LINCOLN, Maine — You’d think that most dogs would want out of a dog pound, but Rocky is not most dogs.

The perhaps 11-year-old hound mix has twice been adopted from the Penobscot Valley Humane Society shelter in the last 15 months, but each time he has run away from his adopted families in favor of returning to the shelter, said Meg Crocker-Curtis, the shelter’s manager.

“We’re not trying to keep him. He just likes it here. He likes us, so he is here as long as he wants to be,” Crocker-Curtis said Friday.

Rocky escaped out a window to return to the shelter one time, and with the other, nipped a small child — effectively forcing his return to the shelter, Crocker-Curtis said.

Rocky seems to enjoy, or at least be comforted by, the everyday routine of life at the shelter, Crocker-Curtis said. It’s possibly why he stays there. He knows every day that he is going to be fed, watered and walked, and seems to like that.

Vary the routine, however, and Rocky makes his displeasure known.

When one younger worker moved him to another pen, shelter workers learned that Rocky prefers to be in the far corner cage near the back door to the shelter. He expressed his displeasure at his displacement by shredding the stuffed bed he slept on, Crocker-Curtis said.

Yet Rocky is not necessarily a dictatorial dog. Although he isn’t great with children — Crocker-Curtis suspects there was an abusive young owner in his past — Rocky is a friendly and generally happy canine, who responded eagerly with a wagging tail when she petted him.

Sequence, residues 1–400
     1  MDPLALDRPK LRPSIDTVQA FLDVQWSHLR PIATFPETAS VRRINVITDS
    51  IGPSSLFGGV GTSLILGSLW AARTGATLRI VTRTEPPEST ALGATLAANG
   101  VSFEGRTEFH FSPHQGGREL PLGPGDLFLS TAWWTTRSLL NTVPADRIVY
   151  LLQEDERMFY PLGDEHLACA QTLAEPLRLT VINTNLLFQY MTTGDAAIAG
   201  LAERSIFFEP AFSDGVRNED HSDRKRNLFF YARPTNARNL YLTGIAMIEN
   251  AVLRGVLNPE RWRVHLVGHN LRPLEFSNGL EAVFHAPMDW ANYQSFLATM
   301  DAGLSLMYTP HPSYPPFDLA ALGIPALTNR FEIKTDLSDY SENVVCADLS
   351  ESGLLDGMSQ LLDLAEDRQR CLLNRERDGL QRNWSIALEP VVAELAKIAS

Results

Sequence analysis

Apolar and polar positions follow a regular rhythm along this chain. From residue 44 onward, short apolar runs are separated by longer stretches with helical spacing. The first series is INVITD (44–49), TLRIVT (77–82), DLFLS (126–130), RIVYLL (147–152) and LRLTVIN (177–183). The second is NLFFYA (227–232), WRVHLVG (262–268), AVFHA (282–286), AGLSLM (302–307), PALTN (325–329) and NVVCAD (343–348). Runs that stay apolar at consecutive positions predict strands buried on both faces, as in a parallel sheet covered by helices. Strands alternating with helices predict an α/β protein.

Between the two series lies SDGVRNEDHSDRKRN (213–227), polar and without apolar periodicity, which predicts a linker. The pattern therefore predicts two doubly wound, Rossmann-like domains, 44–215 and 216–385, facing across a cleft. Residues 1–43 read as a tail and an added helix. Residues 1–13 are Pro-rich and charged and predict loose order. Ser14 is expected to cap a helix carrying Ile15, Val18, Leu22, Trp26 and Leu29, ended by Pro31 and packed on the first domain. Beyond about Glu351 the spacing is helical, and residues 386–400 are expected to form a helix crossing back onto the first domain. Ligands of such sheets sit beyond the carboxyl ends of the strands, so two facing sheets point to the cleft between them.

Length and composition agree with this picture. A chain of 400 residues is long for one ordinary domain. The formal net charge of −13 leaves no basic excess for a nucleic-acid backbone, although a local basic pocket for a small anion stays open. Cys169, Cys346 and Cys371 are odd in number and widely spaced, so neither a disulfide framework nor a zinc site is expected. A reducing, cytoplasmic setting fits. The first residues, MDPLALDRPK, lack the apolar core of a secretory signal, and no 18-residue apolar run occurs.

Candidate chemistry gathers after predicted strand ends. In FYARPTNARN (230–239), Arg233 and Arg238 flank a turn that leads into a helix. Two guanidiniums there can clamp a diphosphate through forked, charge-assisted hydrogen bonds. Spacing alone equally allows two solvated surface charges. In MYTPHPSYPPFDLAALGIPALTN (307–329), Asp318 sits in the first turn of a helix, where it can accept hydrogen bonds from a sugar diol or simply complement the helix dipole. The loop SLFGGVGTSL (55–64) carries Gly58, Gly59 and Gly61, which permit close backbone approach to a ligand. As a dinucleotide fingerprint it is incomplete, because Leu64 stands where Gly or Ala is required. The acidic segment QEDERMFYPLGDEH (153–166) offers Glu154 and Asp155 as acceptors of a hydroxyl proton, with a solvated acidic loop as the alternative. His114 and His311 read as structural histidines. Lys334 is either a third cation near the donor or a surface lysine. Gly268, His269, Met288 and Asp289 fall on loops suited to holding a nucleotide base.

Rocky is, rather, an abused dog. His past owner kept him outdoors on a chain for nine years, and fed him only occasionally, Crocker-Curtis said. When he was brought to the shelter for the first time, the dog sat rigidly in the corner of his cell and stayed very still — a sign that he was used to having his movements extremely restricted by a lead.

Rocky was also emaciated. In terms of the abuse he took, Rocky is far from the worst case Crocker-Curtis has seen, she said, but he was one of the thinnest dogs she had ever seen, indicating neglect about as severe as any she has encountered. Careful feeding restored his weight.

“He’s just a big fat happy camper now,” Crocker-Curtis cooed over him as she scratched behind his ears.

And Rocky will run away, or at least run a lot, whenever he gets the chance. As a hound dog, running is in his blood, but his desire to gallop off is also a reaction to the years he has spent confined by a lead, Crocker-Curtis said.

Crocker-Curtis hopes that Rocky will eventually find a good home.

“If the right people came in and wanted to adopt him, he’s available,” she said, “but it would have to be very special people.”

Anyone who wishes to donate money or supplies can contact the shelter at 207-794-3457 or visit it at 1 Park Ave., Lincoln.